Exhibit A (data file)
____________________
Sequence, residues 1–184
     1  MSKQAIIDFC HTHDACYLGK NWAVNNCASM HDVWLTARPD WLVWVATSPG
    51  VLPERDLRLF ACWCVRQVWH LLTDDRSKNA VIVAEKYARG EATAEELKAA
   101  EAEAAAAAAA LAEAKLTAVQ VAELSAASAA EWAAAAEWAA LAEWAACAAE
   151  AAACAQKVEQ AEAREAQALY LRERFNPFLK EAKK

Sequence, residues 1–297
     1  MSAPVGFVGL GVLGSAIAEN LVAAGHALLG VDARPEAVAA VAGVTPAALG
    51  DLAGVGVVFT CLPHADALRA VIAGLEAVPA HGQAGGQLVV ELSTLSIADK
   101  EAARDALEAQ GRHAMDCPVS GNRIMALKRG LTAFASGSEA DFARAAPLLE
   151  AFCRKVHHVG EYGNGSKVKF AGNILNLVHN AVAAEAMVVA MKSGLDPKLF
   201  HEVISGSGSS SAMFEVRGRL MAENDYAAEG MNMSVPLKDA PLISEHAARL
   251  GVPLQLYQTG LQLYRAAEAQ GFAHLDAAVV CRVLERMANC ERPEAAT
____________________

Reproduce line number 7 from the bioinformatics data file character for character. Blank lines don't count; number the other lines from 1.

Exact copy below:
     1  MSAPVGFVGL GVLGSAIAEN LVAAGHALLG VDARPEAVAA VAGVTPAALG